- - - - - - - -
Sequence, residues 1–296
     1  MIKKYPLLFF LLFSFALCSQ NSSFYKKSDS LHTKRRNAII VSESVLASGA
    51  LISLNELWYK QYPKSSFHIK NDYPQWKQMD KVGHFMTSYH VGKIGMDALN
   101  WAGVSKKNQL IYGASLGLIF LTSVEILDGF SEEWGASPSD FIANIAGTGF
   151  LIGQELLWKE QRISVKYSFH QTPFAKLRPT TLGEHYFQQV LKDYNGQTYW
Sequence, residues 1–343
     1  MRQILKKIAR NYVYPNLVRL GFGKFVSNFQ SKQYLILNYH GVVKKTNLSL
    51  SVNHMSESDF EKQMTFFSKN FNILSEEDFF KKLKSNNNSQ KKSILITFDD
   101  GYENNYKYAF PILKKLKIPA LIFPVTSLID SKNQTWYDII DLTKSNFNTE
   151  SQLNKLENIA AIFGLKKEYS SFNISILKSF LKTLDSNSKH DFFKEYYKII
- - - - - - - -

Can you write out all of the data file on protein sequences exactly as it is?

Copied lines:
Sequence, residues 1–296
     1  MIKKYPLLFF LLFSFALCSQ NSSFYKKSDS LHTKRRNAII VSESVLASGA
    51  LISLNELWYK QYPKSSFHIK NDYPQWKQMD KVGHFMTSYH VGKIGMDALN
   101  WAGVSKKNQL IYGASLGLIF LTSVEILDGF SEEWGASPSD FIANIAGTGF
   151  LIGQELLWKE QRISVKYSFH QTPFAKLRPT TLGEHYFQQV LKDYNGQTYW
Sequence, residues 1–343
     1  MRQILKKIAR NYVYPNLVRL GFGKFVSNFQ SKQYLILNYH GVVKKTNLSL
    51  SVNHMSESDF EKQMTFFSKN FNILSEEDFF KKLKSNNNSQ KKSILITFDD
   101  GYENNYKYAF PILKKLKIPA LIFPVTSLID SKNQTWYDII DLTKSNFNTE
   151  SQLNKLENIA AIFGLKKEYS SFNISILKSF LKTLDSNSKH DFFKEYYKII